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UNO Soccer Academy

Chicago, IL, United States

Opened in September 2011, this is the first link of a soccer-focused master plan developed by United Neighborhood Organization (UNO). The innovative design and school program take on a new and progressive approach to education. Located on the Southwest side of Chicago in the Gage Park neighborhood, the building stands as a shining beacon for the community. Engaging students as well as residents of the predominantly Hispanic neighborhood to play active roles in their education, through means of a strong curriculum supplemented by the culturally embraced sport of soccer, community outreach programs, and intelligent design.

The building itself was inspired in part by the educational development of children. Just as a child grows, the building appears to grow out of the ground, where programs such as learning theaters, administrative components, and classrooms frame a soccer field courtyard. Developmentally essential programs including a fitness center and resource library progress the movement of the building gradually upward. Finally, the building culminates in a community center that frames views of the Chicago skyline, inspiring students and neighboring residents to achieve their potential.

This highly innovative design turns a conventional elementary school inside out. By locating the corridors along the largely glass perimeter of the building while simultaneously locating a full-height glass wall along the interior classrooms, the school is able to dramatically increase daylight and views inside the classrooms. Natural light is therefore allowed to fully penetrate the spaces, creating an effective and efficient teaching and learning environment. This arrangement allows for the additional benefits of increased teaching surfaces in the classrooms, as well as a heightened sense of community connectivity whereby student activity within the corridors is showcased along the building’s exterior.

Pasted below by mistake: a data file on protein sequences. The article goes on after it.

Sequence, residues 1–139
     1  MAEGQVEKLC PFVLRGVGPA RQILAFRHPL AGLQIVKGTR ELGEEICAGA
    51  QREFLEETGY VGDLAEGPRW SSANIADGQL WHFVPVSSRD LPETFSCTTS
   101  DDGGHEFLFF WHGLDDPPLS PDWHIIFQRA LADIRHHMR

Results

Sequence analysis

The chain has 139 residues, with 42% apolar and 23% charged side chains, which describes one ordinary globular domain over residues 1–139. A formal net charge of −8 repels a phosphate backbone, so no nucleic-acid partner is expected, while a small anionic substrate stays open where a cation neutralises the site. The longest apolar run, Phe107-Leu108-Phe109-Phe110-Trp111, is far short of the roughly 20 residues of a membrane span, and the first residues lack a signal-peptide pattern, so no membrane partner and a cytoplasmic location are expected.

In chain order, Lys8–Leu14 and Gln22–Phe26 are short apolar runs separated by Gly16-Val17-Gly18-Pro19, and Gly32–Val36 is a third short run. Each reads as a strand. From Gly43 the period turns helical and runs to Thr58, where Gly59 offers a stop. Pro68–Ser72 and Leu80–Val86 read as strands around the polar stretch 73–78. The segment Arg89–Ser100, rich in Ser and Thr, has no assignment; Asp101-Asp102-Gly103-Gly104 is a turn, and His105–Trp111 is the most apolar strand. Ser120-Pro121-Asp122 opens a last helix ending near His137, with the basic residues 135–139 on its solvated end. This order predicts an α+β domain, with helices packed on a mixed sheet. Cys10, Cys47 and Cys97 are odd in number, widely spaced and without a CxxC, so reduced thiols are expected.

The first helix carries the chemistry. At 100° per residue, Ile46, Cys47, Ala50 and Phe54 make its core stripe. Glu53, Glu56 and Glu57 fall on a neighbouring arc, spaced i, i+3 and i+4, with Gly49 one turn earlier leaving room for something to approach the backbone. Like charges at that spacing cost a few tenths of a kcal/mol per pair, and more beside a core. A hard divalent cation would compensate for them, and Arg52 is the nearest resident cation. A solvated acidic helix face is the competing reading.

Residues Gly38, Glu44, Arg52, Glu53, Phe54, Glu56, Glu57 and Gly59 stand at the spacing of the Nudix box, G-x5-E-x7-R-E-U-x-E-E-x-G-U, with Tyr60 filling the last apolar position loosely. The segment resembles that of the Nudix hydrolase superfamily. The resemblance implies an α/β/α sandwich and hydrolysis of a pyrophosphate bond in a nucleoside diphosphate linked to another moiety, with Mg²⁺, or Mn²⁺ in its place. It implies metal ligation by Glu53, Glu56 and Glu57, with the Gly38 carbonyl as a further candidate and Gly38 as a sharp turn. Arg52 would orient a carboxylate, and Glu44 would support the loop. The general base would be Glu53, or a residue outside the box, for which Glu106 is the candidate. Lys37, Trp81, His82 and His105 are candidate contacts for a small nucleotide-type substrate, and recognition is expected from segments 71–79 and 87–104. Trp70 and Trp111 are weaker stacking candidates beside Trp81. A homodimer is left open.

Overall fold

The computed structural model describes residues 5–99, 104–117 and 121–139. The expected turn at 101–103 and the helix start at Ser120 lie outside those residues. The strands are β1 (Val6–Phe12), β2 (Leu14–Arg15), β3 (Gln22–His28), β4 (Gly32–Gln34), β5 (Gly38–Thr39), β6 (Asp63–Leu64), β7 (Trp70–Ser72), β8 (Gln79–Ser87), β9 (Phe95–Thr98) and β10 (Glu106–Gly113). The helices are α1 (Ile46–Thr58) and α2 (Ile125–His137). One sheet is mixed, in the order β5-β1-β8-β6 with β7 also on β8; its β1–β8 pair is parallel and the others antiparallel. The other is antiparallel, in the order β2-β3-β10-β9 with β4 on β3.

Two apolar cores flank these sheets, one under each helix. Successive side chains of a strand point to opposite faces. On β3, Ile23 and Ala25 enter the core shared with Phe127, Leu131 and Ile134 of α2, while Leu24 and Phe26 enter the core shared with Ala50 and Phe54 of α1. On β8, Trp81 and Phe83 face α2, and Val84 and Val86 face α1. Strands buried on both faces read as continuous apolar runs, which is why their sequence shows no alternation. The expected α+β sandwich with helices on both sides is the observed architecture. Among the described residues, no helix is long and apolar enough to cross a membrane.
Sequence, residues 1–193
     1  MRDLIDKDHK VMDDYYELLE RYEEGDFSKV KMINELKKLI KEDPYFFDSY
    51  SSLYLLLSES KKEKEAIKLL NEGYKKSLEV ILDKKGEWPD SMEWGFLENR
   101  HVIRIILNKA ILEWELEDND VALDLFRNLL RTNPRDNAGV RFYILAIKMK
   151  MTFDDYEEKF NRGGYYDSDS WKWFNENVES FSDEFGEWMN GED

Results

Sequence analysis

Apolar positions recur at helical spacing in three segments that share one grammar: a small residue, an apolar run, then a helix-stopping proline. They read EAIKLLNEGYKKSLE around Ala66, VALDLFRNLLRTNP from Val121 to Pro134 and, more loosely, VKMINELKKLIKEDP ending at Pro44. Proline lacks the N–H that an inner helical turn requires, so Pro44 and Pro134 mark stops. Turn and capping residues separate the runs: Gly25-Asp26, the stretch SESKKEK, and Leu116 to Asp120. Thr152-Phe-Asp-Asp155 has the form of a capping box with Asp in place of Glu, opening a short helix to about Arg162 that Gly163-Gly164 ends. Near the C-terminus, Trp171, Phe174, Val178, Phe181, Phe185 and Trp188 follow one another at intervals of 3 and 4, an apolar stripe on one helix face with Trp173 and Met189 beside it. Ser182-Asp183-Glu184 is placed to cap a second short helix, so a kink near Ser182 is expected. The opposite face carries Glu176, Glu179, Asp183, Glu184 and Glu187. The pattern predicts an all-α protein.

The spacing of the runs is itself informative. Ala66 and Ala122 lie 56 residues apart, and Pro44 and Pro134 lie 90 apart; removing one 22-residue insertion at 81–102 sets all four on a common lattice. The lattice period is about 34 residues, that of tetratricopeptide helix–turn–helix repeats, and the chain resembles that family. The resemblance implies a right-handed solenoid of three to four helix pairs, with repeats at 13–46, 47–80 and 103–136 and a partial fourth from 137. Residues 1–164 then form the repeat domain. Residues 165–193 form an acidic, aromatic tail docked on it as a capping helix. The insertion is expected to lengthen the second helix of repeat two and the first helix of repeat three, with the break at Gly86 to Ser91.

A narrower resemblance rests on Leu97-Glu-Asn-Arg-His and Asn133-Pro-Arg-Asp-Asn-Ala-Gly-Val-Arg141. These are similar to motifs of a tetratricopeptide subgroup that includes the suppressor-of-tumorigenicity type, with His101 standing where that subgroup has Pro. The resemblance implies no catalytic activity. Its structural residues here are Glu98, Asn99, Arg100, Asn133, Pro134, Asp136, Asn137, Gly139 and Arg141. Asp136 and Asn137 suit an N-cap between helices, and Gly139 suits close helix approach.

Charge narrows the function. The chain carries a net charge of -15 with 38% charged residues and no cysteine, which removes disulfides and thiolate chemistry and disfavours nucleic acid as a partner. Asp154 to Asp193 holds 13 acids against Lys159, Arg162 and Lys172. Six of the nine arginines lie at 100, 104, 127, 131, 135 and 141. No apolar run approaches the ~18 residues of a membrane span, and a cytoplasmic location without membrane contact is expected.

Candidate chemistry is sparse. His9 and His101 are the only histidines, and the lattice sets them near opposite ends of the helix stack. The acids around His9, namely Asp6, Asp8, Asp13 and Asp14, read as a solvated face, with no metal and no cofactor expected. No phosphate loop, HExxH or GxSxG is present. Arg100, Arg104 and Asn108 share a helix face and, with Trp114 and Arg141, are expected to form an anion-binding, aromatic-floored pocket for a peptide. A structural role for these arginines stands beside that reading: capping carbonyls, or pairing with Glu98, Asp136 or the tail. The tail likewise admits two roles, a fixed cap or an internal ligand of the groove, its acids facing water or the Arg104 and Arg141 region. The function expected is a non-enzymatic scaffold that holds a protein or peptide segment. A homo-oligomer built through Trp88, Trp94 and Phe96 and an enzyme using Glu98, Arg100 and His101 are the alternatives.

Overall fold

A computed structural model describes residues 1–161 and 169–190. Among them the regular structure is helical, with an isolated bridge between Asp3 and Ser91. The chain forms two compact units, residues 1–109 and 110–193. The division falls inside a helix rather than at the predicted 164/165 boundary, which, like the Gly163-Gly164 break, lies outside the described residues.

This community connection inside corridors is echoed throughout the exterior where the building form creates various plazas and open spaces to engage the students as well as the community. This engagement aligns directly with one of the main project goals: to create a school as a tool for social change. A goal that initiated with the selection of the site: a residual abandoned industrial site. The project re-envisions this area by providing pedestrian-friendly connections and encouraging diversity in an urban area with a dense population, while taking advantage of existing infrastructure such as public transportation.

This school embodies what educational facilities should represent: the hopes and dreams of their local communities; where neighborhood identity is created, parents and community are an integral part of the education, cultural traditions are enriched, and most of all, younger generations gain an understanding that where they come from matters just as much as where they’re going.


  • The Richard H. Driehaus Foundation Award for Excellence in Community Design

  • Scany Colombian Diaspora Architectural Pad Awards, Gold Medal

  • Chicago Tribune’s Blair Kamin, Best Architecture of 2011

  • Chicago Public Radio’s Lee Bey, Best Architecture of 2011

  • AIA Illinois Honor Awards

  • Frank Lloyd Wright Design Award

  • Architizer International Award, Popular Choice Winner

  • Chicago Architecture Foundation, Patron of the Year Award

  • ALA Design Awards, Gold Award

  • Hispanic American, Construction Industry Association, Project of the Year Award

  • Leed Silver Certification

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